13. People behave in ways such that they deserve to lose unfettered access. It won’t be beautiful for anyone if it keeps getting littered, trampled and shat upon. And hopefully, the fees will work to deter a number of people from going at all.

  14. Scott Matheson

    Have you, or has anyone, asked the pcta whether they might restrict access to the pcta long-distance permit for oregon hiking in the future? I ask because in the other places where land use managers have overuse concerns (the southernmost hundred miles, the jmt overlap) there are restrictions on getting pcta long-distance permits. Northbound permits starting in the first 100 miles are subject to a quota, as are section-hike permits for travel through the jmt overlap; it would not surprise me to see something similar being considered for sections passing through northern oregon. The pcta could be contemplating it for next year, even, and we wouldn’t know about it until this fall. And as people use the pcta permit as a substitute for the new oregon permit regime, I would say restrictions on the pcta permit will become more likely. So I don’t thing we can take for granted that hikers will be able to avoid the consequences of this decision by taking out a 500-mile permit.

    1. The PCTA is very aware of this situation and its potential repercussions. We will be speaking with them soon and sharing any information we can gather to this effect.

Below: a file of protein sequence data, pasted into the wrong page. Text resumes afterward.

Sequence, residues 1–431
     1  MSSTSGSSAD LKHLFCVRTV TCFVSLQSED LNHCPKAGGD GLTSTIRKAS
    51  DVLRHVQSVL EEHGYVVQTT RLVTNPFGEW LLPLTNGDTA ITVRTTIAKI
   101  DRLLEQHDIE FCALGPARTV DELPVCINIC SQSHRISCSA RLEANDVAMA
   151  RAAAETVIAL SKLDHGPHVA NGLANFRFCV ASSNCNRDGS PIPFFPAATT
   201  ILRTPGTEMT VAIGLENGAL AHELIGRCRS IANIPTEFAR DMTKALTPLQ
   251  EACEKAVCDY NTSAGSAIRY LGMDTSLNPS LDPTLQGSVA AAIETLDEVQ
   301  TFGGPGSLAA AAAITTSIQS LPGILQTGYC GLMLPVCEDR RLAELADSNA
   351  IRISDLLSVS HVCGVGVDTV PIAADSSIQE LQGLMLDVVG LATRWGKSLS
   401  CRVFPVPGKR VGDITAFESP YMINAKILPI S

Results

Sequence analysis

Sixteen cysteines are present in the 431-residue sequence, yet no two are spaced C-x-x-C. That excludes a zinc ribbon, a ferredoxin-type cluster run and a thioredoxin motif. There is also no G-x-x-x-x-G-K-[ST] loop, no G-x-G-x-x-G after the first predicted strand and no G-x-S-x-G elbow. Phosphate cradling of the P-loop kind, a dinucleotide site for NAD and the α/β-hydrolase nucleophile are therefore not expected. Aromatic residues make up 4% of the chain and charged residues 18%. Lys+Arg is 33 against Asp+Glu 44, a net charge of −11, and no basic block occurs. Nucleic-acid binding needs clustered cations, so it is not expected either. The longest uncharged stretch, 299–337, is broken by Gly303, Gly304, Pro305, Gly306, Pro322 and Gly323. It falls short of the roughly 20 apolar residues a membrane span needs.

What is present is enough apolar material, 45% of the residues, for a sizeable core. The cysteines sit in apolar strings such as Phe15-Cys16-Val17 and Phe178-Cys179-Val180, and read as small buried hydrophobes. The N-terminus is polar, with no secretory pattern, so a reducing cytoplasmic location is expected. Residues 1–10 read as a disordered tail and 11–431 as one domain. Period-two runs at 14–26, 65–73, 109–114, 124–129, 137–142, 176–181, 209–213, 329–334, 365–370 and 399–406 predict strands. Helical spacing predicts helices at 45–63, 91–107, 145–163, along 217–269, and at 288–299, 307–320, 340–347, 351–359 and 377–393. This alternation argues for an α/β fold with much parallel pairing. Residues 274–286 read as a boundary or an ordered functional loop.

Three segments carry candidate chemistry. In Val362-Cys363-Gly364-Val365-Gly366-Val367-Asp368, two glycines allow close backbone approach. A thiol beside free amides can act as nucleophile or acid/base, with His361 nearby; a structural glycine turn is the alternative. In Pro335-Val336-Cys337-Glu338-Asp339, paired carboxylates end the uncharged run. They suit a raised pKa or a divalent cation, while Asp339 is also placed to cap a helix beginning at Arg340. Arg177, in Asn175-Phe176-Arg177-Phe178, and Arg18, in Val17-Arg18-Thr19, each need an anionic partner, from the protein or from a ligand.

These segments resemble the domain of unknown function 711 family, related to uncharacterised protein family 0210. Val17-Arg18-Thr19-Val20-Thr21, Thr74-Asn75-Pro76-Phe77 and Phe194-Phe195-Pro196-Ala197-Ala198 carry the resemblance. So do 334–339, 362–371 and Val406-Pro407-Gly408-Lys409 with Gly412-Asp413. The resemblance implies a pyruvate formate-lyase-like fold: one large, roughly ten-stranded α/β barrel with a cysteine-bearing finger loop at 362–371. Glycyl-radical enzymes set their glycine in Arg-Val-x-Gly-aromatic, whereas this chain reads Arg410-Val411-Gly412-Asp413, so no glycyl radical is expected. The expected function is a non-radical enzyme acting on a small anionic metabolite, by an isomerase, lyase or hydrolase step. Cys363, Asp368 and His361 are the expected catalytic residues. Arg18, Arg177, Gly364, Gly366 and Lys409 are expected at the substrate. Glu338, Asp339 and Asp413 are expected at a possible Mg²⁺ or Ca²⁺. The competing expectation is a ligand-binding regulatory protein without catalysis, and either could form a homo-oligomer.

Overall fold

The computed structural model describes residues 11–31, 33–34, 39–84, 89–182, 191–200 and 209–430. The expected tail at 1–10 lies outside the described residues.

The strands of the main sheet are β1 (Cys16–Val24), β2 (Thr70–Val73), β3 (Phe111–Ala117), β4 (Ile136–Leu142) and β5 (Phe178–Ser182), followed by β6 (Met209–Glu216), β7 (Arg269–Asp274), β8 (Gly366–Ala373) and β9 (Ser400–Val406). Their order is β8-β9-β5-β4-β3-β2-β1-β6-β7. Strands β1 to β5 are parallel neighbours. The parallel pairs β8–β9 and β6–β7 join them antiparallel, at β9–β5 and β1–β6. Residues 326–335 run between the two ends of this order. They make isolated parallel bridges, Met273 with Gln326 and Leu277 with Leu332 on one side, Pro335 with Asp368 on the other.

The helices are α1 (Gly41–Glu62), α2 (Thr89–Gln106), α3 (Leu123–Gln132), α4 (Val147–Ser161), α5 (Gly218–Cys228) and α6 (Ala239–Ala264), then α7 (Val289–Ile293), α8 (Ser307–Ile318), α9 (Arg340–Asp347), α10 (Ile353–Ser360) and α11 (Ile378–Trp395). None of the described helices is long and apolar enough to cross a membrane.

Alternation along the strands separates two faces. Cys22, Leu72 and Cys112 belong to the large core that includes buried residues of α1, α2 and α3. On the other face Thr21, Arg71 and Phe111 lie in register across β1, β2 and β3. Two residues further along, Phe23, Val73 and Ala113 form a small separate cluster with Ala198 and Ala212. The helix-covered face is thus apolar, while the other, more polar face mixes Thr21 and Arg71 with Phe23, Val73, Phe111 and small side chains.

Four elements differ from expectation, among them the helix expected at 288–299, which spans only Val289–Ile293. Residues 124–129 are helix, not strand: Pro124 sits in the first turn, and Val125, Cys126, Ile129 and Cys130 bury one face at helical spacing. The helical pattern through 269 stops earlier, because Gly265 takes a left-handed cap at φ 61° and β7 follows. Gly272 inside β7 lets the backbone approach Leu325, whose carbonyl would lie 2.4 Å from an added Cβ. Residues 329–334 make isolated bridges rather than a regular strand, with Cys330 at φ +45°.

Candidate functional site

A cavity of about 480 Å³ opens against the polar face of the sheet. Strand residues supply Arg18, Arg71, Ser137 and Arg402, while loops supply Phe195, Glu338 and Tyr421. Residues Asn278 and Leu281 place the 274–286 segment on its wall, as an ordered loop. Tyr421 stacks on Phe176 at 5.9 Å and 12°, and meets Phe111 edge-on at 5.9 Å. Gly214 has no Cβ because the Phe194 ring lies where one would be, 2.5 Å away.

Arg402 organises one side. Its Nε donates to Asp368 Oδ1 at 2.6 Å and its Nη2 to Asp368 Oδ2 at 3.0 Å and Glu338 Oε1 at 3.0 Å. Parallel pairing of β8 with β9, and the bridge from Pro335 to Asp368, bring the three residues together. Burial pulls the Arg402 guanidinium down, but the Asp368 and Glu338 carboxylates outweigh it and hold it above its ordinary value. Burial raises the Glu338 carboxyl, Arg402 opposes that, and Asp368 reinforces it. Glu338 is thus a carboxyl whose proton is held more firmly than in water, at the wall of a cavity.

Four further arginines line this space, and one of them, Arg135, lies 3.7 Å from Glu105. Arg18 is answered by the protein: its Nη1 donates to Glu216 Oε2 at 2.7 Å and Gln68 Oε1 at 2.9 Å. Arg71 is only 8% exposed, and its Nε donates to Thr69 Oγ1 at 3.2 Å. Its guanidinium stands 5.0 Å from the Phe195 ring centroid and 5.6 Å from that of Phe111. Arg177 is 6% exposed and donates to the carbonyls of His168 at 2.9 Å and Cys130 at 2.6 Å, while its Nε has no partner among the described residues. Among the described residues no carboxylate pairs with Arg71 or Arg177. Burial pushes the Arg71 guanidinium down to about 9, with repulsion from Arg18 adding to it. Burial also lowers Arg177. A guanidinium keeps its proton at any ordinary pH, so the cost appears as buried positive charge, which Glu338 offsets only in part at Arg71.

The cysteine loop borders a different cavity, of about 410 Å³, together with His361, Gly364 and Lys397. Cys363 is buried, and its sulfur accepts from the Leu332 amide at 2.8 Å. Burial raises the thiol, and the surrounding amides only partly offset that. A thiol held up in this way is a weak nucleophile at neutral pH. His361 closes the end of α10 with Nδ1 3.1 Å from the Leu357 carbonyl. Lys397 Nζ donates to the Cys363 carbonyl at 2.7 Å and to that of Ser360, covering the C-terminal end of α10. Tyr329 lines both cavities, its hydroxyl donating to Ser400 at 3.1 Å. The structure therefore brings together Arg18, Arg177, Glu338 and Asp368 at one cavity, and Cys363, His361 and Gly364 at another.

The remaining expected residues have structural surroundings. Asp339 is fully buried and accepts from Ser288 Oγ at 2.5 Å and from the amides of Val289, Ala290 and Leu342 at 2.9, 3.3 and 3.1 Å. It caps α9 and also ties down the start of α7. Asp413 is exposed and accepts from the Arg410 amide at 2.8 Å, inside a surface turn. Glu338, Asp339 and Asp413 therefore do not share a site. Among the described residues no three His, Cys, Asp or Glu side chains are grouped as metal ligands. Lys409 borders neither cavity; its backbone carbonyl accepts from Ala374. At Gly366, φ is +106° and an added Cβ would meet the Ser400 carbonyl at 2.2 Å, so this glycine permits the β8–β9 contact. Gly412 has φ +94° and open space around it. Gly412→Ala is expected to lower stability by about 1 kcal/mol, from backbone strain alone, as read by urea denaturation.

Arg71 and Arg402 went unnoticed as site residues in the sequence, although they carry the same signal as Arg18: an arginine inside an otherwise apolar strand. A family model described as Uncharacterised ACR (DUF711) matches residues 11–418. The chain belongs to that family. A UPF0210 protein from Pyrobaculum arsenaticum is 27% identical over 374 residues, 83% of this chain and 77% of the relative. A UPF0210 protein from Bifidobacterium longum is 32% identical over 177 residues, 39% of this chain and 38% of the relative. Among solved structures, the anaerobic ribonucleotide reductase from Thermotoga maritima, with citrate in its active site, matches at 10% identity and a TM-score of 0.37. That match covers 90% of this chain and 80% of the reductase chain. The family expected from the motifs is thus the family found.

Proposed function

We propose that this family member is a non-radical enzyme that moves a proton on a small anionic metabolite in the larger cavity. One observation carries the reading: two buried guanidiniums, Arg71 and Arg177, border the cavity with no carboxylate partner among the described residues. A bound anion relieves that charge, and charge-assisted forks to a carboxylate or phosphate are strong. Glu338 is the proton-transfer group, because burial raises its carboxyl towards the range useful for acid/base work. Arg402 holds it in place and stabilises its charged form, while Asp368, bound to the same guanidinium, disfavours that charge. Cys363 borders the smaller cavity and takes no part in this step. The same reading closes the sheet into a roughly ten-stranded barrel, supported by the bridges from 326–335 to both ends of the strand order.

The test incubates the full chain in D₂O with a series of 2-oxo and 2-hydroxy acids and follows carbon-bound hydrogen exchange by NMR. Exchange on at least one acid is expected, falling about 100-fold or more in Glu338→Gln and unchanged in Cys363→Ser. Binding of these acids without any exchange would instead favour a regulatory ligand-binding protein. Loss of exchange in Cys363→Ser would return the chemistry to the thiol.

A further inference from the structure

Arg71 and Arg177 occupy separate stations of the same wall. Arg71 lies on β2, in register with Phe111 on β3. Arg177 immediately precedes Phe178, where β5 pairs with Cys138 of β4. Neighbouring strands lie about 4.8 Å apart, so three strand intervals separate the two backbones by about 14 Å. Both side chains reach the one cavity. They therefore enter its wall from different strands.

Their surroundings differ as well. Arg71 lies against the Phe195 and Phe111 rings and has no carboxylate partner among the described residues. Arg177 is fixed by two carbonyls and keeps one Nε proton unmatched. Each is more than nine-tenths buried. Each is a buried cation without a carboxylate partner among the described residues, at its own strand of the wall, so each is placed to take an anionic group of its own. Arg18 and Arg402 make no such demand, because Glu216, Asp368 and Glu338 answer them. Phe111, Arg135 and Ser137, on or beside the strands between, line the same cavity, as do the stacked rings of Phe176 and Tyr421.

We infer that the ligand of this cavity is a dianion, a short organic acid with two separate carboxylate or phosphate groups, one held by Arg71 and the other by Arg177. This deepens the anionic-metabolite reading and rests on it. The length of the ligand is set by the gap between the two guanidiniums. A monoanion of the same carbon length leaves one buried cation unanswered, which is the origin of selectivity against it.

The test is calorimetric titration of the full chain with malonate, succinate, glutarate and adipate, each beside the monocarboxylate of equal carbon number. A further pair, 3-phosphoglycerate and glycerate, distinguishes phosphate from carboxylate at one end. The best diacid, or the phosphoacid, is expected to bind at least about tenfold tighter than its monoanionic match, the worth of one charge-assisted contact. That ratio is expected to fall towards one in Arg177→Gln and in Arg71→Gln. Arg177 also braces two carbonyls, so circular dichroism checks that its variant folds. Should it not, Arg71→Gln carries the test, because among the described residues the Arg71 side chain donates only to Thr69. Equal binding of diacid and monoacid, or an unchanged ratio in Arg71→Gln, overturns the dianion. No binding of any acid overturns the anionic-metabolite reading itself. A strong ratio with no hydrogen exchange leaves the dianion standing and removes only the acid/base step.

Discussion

15. What are the dollars of these new “fees”? How much will it cost for a section hiker or a thru hiker? How is all of this going to be monitored and who is going to “police” this? Will there be “authorities” at each trailhead making sure there are no rule breakers? If I were to get a thru hike permit, how would they know where I truly started? I agree that we are not robots and can’t predict when we start and stop something. It seems to me that these restrictions are just going to discourage people from enjoying Oregon. I am seriously considering taking my hike elsewhere. (which would impact Oregon’s economy in the end)

  16. I live in Bend, and I hate to say it, but this was inevitable. Our population has exploded, and access to the backcountry around Three Sisters is only 30-40 minutes away from town, depending on where you’re going. A lot of people who access the backcountry from Bend are not Leave No Trace types. Combine these things and you have overuse and trash/pollution issues. I’m guessing something similar has happened in the Mt. Jefferson area. I’m going to try and do the Willamette Pass-Mackenzie Pass section of the PCT this year (in two trips), and then I’m done with hiking in this area.

    1. Links are available in the post for Facebook and Twitter. You can also just copy/paste the page URL. Cheers!